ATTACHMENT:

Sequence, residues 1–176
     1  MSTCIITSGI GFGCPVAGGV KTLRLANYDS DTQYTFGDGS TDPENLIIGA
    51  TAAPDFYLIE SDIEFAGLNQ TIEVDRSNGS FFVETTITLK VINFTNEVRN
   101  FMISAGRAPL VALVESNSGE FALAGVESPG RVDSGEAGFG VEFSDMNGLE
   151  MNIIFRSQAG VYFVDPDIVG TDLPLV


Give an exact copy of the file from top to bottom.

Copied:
Sequence, residues 1–176
     1  MSTCIITSGI GFGCPVAGGV KTLRLANYDS DTQYTFGDGS TDPENLIIGA
    51  TAAPDFYLIE SDIEFAGLNQ TIEVDRSNGS FFVETTITLK VINFTNEVRN
   101  FMISAGRAPL VALVESNSGE FALAGVESPG RVDSGEAGFG VEFSDMNGLE
   151  MNIIFRSQAG VYFVDPDIVG TDLPLV